Yes, these discussions can get a bit anal, but there are some very 
practical implications of the outcome.  I need to know what my API
should do and the spec currently, does not give me a clear answer.

My preference would be to see such issues identified as issues, and
then for some resolution be developed on the basis of what is the 
'best' resolution, not on reading the entrails of the spec.

> Prolog-Parser). Ideally,
> this would end in an commonly accepted TRANSFORMATION GRAMMAR (Jan's
> grammatical rules could be a good start).

Now that sounds like a good idea.

> So, my answer is: if a "tripleization" makes the resource-type
> information in the syntax above explicit, no violation would be
> detected. If it will not be made explicit, one could consider this an
> incomplete tripleization and a violation will (reasonably) detected.
> One may, however, argue, that everything in subject or predicate
> position (and everything not a literal in object position) should
> "automatically" be considered to be an instance of 
> rdf:Resource - if you
> would like to have it this way (and you seem to want it ;), 
> the rule you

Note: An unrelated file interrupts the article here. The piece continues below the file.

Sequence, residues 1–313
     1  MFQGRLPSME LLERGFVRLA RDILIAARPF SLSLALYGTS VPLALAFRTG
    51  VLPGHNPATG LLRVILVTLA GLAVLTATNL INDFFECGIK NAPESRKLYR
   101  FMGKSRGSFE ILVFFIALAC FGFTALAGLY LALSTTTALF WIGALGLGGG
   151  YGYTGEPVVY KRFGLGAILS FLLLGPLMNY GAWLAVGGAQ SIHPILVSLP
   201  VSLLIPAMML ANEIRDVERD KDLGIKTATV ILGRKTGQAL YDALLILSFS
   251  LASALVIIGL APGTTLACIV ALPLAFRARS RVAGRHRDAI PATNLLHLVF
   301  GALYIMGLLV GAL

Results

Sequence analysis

> suggested would be a nice solution (seems reasonable to me, we should
> probably add it).

> :If so, I disagree.  Anything identified by a URI
> :is a resource and even though there are no specific type
> :properties, no constraint violation exists.
> :
> Maybe it should read: anything identified by a URI can be a 
> resource? I
> say this because only if "something" is part of the model, it 
> becomes a
> resource in the model context. So, only if the URI is "recognized" (it
> has to be in subject or predicate position somewhere - which 
> is probably
> not in accordance to "declaring" an object explicitly as 
> resource as is
> described in the RDF M&S document, oh well, if the type-resource
> relationship would be made explicit, this would work again ;) as
> something that identifies a resource (in the model), it becomes an
> identifier (uri(x) predicate in our rules) for a "modeled" 
> resource. So,
> our statement would be "every x that makes the (logic) 
> predicate uri(x)
> true is considered to be a resource.

How about, if x is the subject of a statement, its a resource,
and if its the object of a statement, and not a literal, then its
a resource.  That would deal with anon resources as well.

Received on Tuesday, 5 September 2000 02:19:04 UTC